London has been exporting restaurants to Dubai for years so it’s only fair that the UAE should return the favour. Ruya, which also has an outpost in Istanbul, takes up a large corner of the ground-floor of Grosvenor House, although with its own street entrance, you’d never know you were in a hotel.
It was formerly a branch of Barclays bank, a heritage which has gifted a long space perfectly proportioned for a restaurant, with a lounge bar at the front and the dining room beyond, all beautifully tiled and lit by Conran and Partners. Cocktails in the bar are excellent as too fizz like Louis Roederer Brut Prem and Ruinart Blanc de Blancs; terrible acoustics make the restaurant less relaxing to spend time in.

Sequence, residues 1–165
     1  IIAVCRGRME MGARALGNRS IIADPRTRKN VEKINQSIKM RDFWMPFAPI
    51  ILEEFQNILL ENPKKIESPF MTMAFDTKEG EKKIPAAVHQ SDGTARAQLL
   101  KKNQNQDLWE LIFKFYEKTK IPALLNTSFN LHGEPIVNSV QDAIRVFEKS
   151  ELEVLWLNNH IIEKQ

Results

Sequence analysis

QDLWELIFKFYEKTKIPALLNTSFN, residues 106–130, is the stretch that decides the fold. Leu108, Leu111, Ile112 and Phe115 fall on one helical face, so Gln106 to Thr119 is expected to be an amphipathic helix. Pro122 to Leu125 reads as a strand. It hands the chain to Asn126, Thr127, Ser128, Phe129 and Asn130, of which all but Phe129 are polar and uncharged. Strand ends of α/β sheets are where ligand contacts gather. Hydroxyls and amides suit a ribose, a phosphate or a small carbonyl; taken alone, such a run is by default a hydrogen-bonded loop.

Ruya is billed as an Anatolian restaurant, but the approach is more like a Zuma-esque spin on Turkish food, with small plates of high-protein ingredients – although the best thing we ate was the carb-loaded cheese pide baked in the flames of the bread oven and with a runny-yolked egg broken over it at the table. Other hits include lamb cutlets with smoked aubergine, tomato and minted yoghurt, grilled prawns with pickled fennel butter, and a whole grilled sea bream: all enjoyable, if not exactly distinctly Turkish.
You can, of course, find excellent Turkish cooking in north-east London for a fraction of the price, which is a bit like saying you can eat authentic Korean food if you’re prepared to travel to New Malden. Ruya’s target market are the international diners for whom London doesn’t extend beyond Mayfair and Knightsbridge and who will feel as at home here as they would in the Dubai original – and the place is already rammed.